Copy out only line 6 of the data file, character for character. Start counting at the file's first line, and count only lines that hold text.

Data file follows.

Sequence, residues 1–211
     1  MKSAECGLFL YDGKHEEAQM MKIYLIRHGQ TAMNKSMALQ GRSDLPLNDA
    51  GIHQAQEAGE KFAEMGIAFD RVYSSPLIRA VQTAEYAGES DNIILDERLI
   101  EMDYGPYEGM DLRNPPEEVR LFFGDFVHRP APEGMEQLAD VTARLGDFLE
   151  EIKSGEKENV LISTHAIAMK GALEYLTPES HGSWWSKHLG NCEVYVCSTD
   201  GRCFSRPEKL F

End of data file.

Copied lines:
   201  GRCFSRPEKL F